The key here is that the graphite is located on the tip of the control rod.
They can not be plain stupid right? I feel like there should be a rationale here using it in the "tip" beside "being cheap" as quoted in the final episode. I mean using a moderator in the tip of an absorber. Just doesnt make sense.
 

anorlunda

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"Doppler broadening" phenomenon as commonly known right? If so I get it.
But what are the "resonances" in the first place. Resonance of what?
They are those peaks in the plot in #2. It's just semantics. Each peak resembles a resonance peak from an electrical circuit. They might have been called spires instead, making it sound like there was a connection to church steeples.

Edit: the peaks may be caused by oscillation modes of nucleons within a nucleus. That is deep physics, where nuclear engineers seldom need to go.


They can not be plain stupid right? I feel like there should be a rationale here using it in the "tip" beside "being cheap" as quoted in the final episode. I mean using a moderator in the tip of an absorber. Just doesnt make sense.
In addition to absorb/moderate, every material has properties of strength, weight, ductility, immunity to radiation embrittlement, and so on. Zirconium is a common solution. Nevertheless, you can't make a statement like that without examining the design choice holistically.
 

member659127

Edit: the peaks may be caused by oscillation modes of nucleons within a nucleus. That is deep physics, where nuclear engineers seldom need to go.
Yes, that "deep" part I was concerned and it seems it is related to what you are saying.

Anyway doing some reading on wikipedia, it says:

"Although the shape of resonances changes with temperature, the total area under the resonance remains essentially constant. But this does not imply constant neutron absorption. Despite the constant area under resonance a resonance integral, which determines the absorption, increases with increasing target temperature. This, of course, decreases coefficient k (negative reactivity is inserted). "

That is a very confusing statement. Constant area = constant integral but it says integral increases. And even in that case how an increase in absorption (by target nuclei) would decrease reactivity ???

In addition to absorb/moderate, every material has properties of strength, weight, ductility, immunity to radiation embrittlement, and so on. Zirconium is a common solution. Nevertheless, you can't make a statement like that without examining the design choice holistically.
Let me rephrase then, why do you need a "tip" in the first place? Just do it from the same material all the way down and up.
 

anorlunda

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That is a very confusing statement. Constant area = constant integral but it says integral increases. And even in that case how an increase in absorption (by target nuclei) would decrease reactivity ???
That curve in #2 is a cross-section. It depicts the probability of an event. To get the number of events you need to integrate the probability times the density of neutrons with respect to energy. Change the temperature (or the void fraction), and the energy distribution of the neutrons changes too.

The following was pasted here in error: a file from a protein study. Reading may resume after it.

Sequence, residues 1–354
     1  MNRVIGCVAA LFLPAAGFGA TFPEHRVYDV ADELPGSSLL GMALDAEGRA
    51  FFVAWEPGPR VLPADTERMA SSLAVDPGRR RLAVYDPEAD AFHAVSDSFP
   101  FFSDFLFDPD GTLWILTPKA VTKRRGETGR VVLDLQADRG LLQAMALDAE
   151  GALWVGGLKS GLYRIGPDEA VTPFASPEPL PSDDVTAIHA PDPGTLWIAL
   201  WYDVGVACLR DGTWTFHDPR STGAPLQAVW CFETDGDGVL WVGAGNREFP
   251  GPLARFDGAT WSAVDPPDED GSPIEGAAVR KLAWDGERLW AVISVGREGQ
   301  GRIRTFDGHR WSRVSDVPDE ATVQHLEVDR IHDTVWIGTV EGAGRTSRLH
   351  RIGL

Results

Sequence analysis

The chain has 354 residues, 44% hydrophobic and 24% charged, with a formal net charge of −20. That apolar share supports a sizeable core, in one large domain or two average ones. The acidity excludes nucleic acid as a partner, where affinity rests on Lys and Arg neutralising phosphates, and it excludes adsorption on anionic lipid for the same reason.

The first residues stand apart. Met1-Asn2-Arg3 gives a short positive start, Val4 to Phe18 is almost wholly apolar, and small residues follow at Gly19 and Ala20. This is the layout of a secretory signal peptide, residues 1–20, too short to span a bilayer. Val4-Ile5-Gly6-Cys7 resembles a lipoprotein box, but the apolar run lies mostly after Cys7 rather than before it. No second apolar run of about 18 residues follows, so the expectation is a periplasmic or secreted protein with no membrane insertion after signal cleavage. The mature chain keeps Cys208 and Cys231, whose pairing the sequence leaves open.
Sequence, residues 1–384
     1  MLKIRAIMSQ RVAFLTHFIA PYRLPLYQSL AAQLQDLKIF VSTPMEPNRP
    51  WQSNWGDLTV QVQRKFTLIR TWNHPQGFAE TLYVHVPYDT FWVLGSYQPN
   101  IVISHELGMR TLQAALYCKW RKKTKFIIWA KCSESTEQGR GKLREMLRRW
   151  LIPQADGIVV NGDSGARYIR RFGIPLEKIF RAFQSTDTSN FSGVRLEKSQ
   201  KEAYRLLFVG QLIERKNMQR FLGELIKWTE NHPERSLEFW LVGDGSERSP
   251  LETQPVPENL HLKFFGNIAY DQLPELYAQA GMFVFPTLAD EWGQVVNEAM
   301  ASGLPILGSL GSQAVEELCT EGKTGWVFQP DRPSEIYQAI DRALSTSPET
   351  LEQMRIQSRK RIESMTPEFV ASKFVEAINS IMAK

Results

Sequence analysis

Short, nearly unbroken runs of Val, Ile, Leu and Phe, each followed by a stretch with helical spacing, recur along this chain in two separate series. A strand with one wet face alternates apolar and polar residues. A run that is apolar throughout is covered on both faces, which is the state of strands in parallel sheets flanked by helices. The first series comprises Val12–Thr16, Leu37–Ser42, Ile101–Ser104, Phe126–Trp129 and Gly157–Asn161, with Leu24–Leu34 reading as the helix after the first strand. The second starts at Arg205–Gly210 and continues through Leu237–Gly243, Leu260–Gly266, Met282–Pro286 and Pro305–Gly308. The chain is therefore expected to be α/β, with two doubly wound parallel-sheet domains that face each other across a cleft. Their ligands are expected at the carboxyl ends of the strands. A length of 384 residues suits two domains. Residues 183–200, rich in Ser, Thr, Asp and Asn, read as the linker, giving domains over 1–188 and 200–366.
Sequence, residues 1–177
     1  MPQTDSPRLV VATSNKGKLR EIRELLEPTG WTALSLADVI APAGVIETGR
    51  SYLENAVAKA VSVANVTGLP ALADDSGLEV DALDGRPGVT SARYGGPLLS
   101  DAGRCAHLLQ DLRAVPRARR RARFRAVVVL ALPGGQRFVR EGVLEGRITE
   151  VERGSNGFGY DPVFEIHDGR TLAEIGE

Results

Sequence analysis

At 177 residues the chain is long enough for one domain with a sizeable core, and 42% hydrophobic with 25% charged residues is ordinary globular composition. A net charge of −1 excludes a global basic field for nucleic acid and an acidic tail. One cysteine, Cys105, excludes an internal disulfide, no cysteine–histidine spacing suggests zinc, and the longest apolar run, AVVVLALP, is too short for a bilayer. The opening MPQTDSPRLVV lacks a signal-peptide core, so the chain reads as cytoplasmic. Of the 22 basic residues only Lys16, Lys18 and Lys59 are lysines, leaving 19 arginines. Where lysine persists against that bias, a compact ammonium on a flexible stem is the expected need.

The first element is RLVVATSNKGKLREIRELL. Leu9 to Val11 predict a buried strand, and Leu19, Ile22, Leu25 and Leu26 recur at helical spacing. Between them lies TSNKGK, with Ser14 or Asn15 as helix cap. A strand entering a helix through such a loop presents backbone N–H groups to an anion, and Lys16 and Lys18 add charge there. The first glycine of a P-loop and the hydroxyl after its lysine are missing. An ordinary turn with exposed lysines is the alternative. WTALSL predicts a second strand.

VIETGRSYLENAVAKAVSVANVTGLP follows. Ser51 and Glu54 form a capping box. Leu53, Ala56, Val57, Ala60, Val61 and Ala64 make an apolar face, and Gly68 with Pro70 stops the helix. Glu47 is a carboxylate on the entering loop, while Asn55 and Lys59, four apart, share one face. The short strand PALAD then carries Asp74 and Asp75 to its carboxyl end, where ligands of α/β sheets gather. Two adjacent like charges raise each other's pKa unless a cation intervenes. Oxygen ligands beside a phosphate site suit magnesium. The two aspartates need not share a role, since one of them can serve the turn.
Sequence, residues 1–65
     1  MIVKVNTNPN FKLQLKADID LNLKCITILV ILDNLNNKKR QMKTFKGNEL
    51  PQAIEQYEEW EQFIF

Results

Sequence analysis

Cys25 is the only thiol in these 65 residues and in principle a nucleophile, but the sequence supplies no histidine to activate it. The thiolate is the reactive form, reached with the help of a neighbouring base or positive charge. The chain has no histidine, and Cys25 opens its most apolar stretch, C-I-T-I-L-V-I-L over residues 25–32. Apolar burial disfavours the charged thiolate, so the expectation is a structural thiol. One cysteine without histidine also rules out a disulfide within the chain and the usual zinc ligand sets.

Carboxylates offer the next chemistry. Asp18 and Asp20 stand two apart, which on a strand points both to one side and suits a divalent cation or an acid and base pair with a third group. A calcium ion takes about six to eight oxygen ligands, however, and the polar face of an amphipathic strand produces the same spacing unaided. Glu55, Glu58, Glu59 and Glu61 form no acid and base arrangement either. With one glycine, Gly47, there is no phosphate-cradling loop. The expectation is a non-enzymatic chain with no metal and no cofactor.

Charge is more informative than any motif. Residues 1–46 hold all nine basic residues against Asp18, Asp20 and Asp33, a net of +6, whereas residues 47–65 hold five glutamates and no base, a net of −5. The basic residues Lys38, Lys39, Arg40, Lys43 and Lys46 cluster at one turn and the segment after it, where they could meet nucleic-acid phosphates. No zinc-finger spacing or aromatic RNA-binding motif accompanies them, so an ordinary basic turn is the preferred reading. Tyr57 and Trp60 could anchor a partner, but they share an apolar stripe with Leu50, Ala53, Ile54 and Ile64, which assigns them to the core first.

Let me rephrase then, why do you need a "tip" in the first place? Just do it from the same material all the way down and up.
The boron might crumble and fall away in pieces. As I said before, materials have many important non-nuclear properties.
 

member659127

Change the temperature (or the void fraction), and the energy distribution of the neutrons changes too.
which leads to what overall? Increase in absorption by target nuclei? If so how can reactivity decrease with increasing absorption?
 

anorlunda

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which leads to what overall? I
Changes in reactivity. That's what we've been talking about all along isn't it?

By the way, that curve in #2 is for fission events. There are also curves for absorption events and scattering events. Also some neutrons escape and some decay.

The process is complex and it does not lend itself to such simple questions as yours. Each answer is likely to lead to another question. If your interest is enough for some study, I suggest starting here, then following with the references cited in the Wiki. Just asking questions on the Internet is not a good learning strategy.
https://en.wikipedia.org/wiki/Nuclear_chain_reaction
 

mathman

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Has any one made the point about the control rod problem? They got stuck before they could be inserted, so only the graphite tips were in and the boron wasn't working.
 

anorlunda

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Has any one made the point about the control rod problem? They got stuck before they could be inserted, so only the graphite tips were in and the boron wasn't working.
Edit: Yes, we have been discussing the control rods. The failure to insert is another factor/matter of concern with respect to the accident.
 
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Astronuc

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Let me rephrase then, why do you need a "tip" in the first place? Just do it from the same material all the way down and up.